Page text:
Lots of lawyers claim to be “results-focused.” Clients want good results, after all, and marketing yourself as one “focused” on delivering them has got to be a lot better (to clients, anyway) than being “timesheet-focused.” However, I think many lawyers who focus only on the result are hurting their clients (and their own practices). Let me explain:
Most clients get just one “result” in their matter: it could be a divorce, a home purchase, or a settlement check. Until that moment — which can take months or years to achieve — they wait. They get bills. They attend hearings. They read letters and go to meetings. But they don’t know for certain what’s coming in their case until it finally arrives.
So what do clients focus on every day while awaiting their result? They focus on the quality of their experience: Does their lawyer return their calls? Does he validate their parking or give them a hot cup of coffee while they wait in his waiting room? Does he communicate everything he’s doing on their case and bill them fairly?
And because they don’t have any “results” to share with others, they share their experience instead:
Bill: “How’s your case coming?”
Wendy: “Not sure. I’m still hoping to hit the jackpot, but my attorney is an ass and never calls me back.”
So what’s an attorney to do? Start by focusing on something more than just the quality of your clients’ results. Focus on their quality of their experience as well.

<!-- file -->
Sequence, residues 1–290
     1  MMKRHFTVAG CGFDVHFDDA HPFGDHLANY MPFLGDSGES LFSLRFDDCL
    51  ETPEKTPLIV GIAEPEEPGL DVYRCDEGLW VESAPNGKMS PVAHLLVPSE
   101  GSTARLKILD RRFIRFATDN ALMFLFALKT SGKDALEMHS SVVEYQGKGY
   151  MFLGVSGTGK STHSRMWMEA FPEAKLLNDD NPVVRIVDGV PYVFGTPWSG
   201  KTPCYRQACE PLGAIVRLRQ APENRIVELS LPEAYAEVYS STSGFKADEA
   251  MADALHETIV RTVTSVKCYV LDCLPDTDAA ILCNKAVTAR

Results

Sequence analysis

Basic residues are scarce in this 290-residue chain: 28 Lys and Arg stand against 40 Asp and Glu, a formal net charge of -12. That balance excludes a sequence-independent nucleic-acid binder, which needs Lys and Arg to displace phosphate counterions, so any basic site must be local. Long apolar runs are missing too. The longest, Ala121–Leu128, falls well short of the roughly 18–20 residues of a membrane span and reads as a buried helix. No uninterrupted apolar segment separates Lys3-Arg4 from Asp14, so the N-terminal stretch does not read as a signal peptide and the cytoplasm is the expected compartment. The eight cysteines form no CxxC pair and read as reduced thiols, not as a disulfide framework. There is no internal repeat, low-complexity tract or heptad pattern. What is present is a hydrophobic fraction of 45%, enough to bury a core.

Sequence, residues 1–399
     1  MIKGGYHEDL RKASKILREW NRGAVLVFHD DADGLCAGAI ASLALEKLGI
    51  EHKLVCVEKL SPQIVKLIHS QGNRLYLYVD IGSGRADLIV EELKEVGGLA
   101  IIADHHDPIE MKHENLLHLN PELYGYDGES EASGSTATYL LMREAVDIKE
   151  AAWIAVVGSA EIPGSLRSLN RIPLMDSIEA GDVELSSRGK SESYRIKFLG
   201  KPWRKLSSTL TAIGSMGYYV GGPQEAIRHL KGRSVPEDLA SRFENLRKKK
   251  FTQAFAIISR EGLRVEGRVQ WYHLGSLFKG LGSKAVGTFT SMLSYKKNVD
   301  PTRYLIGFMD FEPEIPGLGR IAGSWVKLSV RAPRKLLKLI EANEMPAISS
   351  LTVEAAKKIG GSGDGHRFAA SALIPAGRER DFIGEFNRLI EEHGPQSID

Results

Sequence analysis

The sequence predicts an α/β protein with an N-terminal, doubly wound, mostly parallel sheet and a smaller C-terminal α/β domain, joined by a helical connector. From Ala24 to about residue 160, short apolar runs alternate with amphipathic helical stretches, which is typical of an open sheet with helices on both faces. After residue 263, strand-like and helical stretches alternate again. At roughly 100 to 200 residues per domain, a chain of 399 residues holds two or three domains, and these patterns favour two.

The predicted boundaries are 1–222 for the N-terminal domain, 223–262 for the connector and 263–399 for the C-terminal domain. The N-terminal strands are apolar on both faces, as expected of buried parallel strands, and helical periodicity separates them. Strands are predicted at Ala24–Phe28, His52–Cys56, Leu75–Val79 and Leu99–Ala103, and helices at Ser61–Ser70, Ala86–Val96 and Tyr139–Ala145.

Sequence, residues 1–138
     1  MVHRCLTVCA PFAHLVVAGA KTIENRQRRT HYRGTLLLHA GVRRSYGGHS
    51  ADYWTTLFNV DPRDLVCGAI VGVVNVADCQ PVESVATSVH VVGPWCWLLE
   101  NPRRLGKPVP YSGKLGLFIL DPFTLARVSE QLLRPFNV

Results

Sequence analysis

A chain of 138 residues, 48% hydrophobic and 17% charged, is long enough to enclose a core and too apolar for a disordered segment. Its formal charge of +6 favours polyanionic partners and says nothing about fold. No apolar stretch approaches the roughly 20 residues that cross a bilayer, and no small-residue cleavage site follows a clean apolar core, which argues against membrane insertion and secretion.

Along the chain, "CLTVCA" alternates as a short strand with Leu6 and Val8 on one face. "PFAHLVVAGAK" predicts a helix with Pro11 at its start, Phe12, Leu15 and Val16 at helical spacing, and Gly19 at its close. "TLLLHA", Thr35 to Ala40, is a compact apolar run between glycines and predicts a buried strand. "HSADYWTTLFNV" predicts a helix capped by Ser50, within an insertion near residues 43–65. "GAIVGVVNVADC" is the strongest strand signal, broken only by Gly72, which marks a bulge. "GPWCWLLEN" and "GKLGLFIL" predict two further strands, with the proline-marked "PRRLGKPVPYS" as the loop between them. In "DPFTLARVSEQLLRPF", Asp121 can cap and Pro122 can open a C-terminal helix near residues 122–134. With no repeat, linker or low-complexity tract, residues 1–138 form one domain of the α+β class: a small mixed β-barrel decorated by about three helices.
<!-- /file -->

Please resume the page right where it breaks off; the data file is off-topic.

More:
1. Looking at the chart above, realize that for every client, there are two distinct parts of their legal matter:
- The Quality of their Result (QoR) speaks for itself, and is measured by how satisfied (or unsatisfied) the client is as their matter concludes. It is the thing most lawyers claim to focus upon, but in certain instances (litigation, for example) is either pre-ordained or out of the control of both attorney and client.
- The Quality of their Experience (QoE) is the measure of their satisfaction with everything else, including how they feel about their lawyer and the service she provides.
2. Ask some of your former clients (or pull some old files and do this yourself) to map out on the grid above how they felt about your representation, making certain their “Experience” measure is for everything that came between hiring you and their result.
3. Unless everything is in the upper right quadrant, get to work.
If you’re a lawyer who delivers a great experience — even with the occasional bad result — you’re likely to see more repeat and referral business from your former clients than some “results-focused” lawyers who consistently get great results but make their clients miserable in the process.